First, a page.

Now we move to an A&E “Biography” episode entitled Darryl F. Zanuck: 20th Century Filmmaker. In this 45-minute, three-second piece, we see movie snippets from Grapes and other Zanuck productions plus archival materials and interviews. The latter include biographer Mel Gussow, daughter Darrylin Zanuck dePineda, film editor William Reynolds, producer/son Richard Zanuck, producer/director Robert Wise, producer David Brown, author/historian Kenneth Anger, and actors Robert Wagner, Red Buttons, Roddy McDowall, and Alice Faye.

As one might expect from a show in the Biography series, “Filmmaker” emphasizes general elements of Zanuck’s life. It covers his rough childhood and moves through his career and personal life. Most of these “Biography” shows concentrate on the latter, and they occasionally come across like tabloid TV.

That doesn’t really occur during “Filmmaker”, as it mostly focuses on Zanuck’s professional career. Oh, we certainly hear about his marital woes and many affairs, but since Zanuck tried to make his ladies into movie stars, even those connect with his work. We get a nice recap of Zanuck’s origins, rise in the film industry, creation of Fox, and ups and downs throughout his long career. It’s a compelling and occasionally poignant examination of one of Hollywood’s legends.

Three Movietone News reels from 1934 appear. We see “Worst Drought In Many Years Hits Middle West” (1:05), “Drought Distress Is Increasing in the Mid-West” (1:01), and “Mid-West Drought Distress Becomes National Disaster” (2:01). These offer a decent look at the historical issues behind Grapes, though I must admit the discrepancy between the distressing news and the peppy music that introduces the clips amuses me.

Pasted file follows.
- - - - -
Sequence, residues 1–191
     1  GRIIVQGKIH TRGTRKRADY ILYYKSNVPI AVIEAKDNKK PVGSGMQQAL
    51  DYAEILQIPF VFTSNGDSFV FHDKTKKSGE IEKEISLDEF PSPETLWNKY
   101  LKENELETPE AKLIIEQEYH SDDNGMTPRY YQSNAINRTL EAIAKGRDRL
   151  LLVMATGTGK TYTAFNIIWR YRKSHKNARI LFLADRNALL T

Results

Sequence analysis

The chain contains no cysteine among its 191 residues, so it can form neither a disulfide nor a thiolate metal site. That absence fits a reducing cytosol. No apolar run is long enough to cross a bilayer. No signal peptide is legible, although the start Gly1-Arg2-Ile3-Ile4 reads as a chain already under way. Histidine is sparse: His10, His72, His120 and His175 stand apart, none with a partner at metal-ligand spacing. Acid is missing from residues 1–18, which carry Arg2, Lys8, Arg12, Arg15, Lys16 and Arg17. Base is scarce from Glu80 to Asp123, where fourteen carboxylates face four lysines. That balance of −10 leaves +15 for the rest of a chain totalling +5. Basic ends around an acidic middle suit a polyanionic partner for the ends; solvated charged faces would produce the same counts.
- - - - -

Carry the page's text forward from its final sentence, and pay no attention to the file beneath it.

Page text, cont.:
Also from 1934, Outtakes shows two minutes, 20 seconds of unused footage shot for Movietone News. These bits focus on the government camps set up to help migrant workers. While they don’t tell a direct story, they offer another good look at the conditions of the era. Lastly, a two-minute, 16-second Movietone News clip from 1941 presents “Roosevelt Lauds Motion Pictures at Academy Fete”. This shows the president as he addresses film notables about the good work they do, and we also see some of the Oscar presentation.

The film’s trailer finishes the disc. The Blu-ray drops a still gallery and a restoration comparison from the prior DVD.

A fine retelling of a great book, The Grapes of Wrath holds up well after more than 70 years. The movie occasionally suffers from a few minor issues, but it connects with its source material to provide a low-key and powerful take on the Depression. The Blu-ray gives us good picture, audio and bonus features. The Blu-ray becomes the strongest version of the film to hit home video.

To rate this film, visit the 2004 DVD review of THE GRAPES OF WRATH

Review Archive:  # | A-C | D-F | G-I | J-L | M-O | P-R | S-U | V-Z | Viewer Ratings | Main